This equation is solved numerically on each time slice during the evolution using a multigrid solver to be discussed in section IV B. Maximal slicing is an important slicing condition for its singularity avoiding properties. As the black hole evolves, constant observers are really falling into the hole. Observers at the same value of but di erent values of along the equator will, for example, nd that they are closer together as the evolution proceeds. If we were not careful, our code would follow these observers as they fall in until the distance between them becomes zero (as they reach the singularity) causing our code to crash. For Schwarzschild and distorted nonrotating spacetimes maximal slicing prevents the evolution from reaching the singularity. 3 Instead, when the slice approaches the radius r = 2 M the lapse goes to zero and proper time will not advance at that location 21]. For rotating black holes the singularity structure inside the horizon is signi cantly different. For these reasons one might worry that the singularity avoidance properties could be di erent. The interior region of a rotating black hole has a timelike singularity, Cauchy horizons, and an in nite patchwork of \other universes" 22]. However, this problem was investigated by Eardley and Smarr 23], who showed that maximal slicing does in fact avoid the singularity inside the Kerr black hole (in fact, it avoids the Cauchy horizon), although in a di erent manner from Schwarzschild. They estimated the location of a limit surface, which was found with more precision by Duncan 24] who obtained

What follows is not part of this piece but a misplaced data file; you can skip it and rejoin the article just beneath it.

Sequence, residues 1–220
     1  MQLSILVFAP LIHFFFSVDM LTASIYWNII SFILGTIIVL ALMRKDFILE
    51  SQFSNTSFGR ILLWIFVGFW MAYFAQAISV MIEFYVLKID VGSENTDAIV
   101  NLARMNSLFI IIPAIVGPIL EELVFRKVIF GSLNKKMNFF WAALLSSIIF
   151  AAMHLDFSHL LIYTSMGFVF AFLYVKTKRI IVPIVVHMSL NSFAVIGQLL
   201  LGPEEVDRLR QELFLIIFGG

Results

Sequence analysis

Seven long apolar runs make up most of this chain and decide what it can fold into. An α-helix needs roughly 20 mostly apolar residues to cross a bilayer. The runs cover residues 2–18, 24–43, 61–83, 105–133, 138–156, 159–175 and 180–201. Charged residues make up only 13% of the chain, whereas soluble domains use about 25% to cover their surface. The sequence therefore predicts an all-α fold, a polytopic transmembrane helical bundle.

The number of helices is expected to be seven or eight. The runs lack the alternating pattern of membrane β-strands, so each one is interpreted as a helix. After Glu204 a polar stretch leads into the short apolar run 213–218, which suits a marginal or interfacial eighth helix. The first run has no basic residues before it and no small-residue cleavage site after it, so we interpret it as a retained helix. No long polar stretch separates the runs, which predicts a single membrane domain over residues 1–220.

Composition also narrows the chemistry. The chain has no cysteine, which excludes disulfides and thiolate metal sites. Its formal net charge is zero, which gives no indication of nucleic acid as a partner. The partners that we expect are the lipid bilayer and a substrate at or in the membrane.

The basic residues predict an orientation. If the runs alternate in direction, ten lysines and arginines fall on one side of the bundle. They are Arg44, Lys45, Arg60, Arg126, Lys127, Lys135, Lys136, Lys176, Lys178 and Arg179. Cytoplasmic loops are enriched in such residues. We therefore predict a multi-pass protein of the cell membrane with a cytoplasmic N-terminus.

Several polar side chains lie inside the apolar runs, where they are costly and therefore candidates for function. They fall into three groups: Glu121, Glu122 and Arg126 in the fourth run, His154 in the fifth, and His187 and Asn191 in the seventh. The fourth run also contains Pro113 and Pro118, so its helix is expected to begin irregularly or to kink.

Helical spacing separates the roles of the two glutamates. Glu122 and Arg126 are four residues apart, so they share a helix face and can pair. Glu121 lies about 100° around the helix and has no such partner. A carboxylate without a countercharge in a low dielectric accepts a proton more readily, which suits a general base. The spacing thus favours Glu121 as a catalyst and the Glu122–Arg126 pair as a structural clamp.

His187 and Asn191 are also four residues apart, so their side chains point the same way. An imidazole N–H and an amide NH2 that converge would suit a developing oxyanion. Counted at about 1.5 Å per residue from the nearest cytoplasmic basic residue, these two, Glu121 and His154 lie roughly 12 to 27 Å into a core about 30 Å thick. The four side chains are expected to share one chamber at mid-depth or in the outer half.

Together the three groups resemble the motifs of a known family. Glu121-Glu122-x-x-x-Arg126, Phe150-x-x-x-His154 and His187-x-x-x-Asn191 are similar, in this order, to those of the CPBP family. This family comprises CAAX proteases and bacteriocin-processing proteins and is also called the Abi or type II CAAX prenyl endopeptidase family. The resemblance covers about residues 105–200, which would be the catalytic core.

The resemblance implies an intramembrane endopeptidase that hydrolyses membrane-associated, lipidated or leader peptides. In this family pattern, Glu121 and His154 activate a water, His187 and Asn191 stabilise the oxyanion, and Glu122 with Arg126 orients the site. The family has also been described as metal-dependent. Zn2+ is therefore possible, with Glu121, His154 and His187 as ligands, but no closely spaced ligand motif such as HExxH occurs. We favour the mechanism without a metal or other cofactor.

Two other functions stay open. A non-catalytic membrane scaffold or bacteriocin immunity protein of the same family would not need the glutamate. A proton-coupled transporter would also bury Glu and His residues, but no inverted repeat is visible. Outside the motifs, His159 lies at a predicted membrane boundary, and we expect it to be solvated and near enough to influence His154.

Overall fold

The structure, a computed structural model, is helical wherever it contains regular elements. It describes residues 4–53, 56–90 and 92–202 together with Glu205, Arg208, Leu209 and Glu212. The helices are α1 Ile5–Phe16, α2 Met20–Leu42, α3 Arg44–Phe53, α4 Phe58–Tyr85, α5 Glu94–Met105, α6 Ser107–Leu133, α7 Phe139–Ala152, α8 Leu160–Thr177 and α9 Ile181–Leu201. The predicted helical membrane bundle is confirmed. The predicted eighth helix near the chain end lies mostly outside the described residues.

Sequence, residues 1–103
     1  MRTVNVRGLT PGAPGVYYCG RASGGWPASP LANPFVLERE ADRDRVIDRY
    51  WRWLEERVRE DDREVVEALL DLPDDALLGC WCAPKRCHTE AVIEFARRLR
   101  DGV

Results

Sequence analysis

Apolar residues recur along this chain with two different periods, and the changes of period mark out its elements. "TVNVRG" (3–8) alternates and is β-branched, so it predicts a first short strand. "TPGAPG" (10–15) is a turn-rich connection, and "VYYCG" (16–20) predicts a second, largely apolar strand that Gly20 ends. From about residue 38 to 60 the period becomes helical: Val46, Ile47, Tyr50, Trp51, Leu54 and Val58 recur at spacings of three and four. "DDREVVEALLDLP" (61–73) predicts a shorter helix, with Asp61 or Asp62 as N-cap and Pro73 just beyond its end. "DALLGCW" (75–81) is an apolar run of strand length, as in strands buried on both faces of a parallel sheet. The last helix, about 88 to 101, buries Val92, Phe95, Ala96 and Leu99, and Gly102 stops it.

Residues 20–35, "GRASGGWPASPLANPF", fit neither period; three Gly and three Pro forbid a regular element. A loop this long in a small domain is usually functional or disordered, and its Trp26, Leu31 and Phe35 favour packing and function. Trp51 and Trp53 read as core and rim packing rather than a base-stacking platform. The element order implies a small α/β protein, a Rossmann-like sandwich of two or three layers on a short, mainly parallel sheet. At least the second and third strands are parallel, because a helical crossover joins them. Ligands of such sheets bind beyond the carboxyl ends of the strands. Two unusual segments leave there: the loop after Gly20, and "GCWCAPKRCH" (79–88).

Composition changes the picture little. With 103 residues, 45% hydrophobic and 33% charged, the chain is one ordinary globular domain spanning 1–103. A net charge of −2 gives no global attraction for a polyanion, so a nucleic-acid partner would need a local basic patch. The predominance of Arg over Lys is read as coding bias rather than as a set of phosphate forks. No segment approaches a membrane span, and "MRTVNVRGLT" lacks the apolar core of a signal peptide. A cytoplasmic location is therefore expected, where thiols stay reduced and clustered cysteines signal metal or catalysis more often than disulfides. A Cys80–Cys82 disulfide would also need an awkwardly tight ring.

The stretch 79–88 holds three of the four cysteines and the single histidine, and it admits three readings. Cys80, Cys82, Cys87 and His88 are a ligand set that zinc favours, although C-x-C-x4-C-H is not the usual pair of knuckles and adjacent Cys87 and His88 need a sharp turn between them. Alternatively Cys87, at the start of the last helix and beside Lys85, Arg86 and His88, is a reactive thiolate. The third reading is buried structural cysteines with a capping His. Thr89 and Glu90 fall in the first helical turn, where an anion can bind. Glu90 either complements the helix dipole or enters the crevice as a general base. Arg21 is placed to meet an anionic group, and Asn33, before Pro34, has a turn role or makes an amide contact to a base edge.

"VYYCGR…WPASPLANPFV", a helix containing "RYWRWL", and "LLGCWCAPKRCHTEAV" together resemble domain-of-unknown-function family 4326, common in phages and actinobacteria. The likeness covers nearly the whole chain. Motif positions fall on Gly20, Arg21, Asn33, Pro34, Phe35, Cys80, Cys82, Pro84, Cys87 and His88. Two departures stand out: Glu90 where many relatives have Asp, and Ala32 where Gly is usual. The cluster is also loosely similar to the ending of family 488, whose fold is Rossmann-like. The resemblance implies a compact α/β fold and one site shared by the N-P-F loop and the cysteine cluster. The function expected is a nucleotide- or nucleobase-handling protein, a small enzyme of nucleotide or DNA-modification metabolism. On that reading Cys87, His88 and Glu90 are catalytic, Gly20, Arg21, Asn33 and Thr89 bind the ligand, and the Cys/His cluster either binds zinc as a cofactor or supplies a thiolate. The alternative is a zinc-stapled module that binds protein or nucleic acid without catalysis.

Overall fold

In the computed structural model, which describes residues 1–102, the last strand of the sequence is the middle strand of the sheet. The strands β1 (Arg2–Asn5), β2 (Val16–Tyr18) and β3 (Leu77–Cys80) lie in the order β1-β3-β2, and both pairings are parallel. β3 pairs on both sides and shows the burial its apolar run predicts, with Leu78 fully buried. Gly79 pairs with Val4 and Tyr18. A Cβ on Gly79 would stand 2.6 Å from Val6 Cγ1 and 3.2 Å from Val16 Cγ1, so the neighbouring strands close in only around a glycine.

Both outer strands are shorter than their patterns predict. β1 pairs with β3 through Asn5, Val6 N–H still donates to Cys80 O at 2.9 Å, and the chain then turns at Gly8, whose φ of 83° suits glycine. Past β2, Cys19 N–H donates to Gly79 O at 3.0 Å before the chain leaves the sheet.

rlim 3M 1 + 1 ? 8a2=9M 2

1=2

=4;

(25)

where rlim is given in terms of the standard Boyer-Lindquist coordinates. However, we will measure \the circumferential radius," not the Boyer-Lindquist r coordinate, so the above equation must be converted using the following formula: q (26) rc = r2 + a2 + 2a2m=r: This is simply the result of evaluating rc = 2 D at = =2 for the analytic Kerr metric. Thus the limit surface depends on the rotation parameter. Note that if the rotation parameter a vanishes, we recover the well known limiting surface rc = 3M=2 for Schwarzschild. 14

p